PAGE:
Though our memories together are intangible, the class of 2019 has given each senior an individualized class coffee mug with each of your peers names on it. This coffee mug will be a tangible reminder of each of your classmates and the memories you have made together. Not only will we remember our class because of this mug but we have given every teacher, administrator and staff in the building our mug as well. So wherever we land next year, perhaps the faculty here at Wilton will be sipping their coffee thinking of us while facing their naively confident, doe-eyed freshmen.
In addition to the mugs they will remember us by the donations that will put a smile on their faces no matter how far away we are. We will be making a significant donation to the "Sunshine Fund." This fund was created for teachers and administrators to receive support such as flowers and cards when they are experiencing an important event in their lives. Through this fund, they will continue to feel our love and support the way they have loved and supported us.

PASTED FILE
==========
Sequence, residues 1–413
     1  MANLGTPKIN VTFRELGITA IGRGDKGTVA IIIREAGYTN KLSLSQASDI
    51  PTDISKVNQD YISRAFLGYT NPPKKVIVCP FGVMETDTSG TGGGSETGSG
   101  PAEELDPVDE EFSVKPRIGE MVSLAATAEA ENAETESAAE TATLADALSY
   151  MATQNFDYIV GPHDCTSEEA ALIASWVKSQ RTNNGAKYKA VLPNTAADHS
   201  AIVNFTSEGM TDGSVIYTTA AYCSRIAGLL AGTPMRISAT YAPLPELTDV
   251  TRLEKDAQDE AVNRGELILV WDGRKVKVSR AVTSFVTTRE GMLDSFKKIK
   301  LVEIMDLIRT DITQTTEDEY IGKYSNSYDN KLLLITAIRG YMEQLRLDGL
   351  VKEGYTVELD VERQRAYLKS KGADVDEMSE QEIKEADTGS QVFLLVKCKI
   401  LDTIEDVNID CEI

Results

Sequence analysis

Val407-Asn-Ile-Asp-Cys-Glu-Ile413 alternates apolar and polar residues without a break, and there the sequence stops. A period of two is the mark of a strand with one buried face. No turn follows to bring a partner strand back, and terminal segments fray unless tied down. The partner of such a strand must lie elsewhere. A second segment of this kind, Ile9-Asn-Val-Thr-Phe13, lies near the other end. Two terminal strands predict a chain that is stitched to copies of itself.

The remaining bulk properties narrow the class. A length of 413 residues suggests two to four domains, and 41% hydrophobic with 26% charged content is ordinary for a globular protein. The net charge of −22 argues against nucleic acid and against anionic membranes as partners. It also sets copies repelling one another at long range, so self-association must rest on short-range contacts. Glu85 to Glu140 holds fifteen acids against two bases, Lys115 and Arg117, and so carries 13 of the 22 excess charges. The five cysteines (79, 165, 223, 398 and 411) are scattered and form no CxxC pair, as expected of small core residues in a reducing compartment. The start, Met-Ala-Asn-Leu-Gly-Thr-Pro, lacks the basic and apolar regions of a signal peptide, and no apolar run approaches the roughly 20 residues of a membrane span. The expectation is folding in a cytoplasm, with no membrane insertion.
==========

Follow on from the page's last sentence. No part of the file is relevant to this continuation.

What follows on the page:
Furthermore, the class of 2019 will install a "Venue Run - Electronic/Video Information System." This is a digital display system serves as a communicator between the athletic department and warrior fans while creating an interactive experience for athletes and fans alike. We will be able to see how and when Wilton Warriors athletes set records by this system. And finally, there will be a constant visual reminder on the exterior of Wilton High School for all to see.
As much as we joke about the architecture of this building, our class has dedicated campus banners to alleviate our industrial appearance and remind us that this is a place full of love, laughter, and learning. On behalf of the class of 2019, I would like to thank every teacher, and parent for your continued support. So Class of 2019, Congratulations again and always keep in mind that as we move forward there will always be something valuable that we have left behind.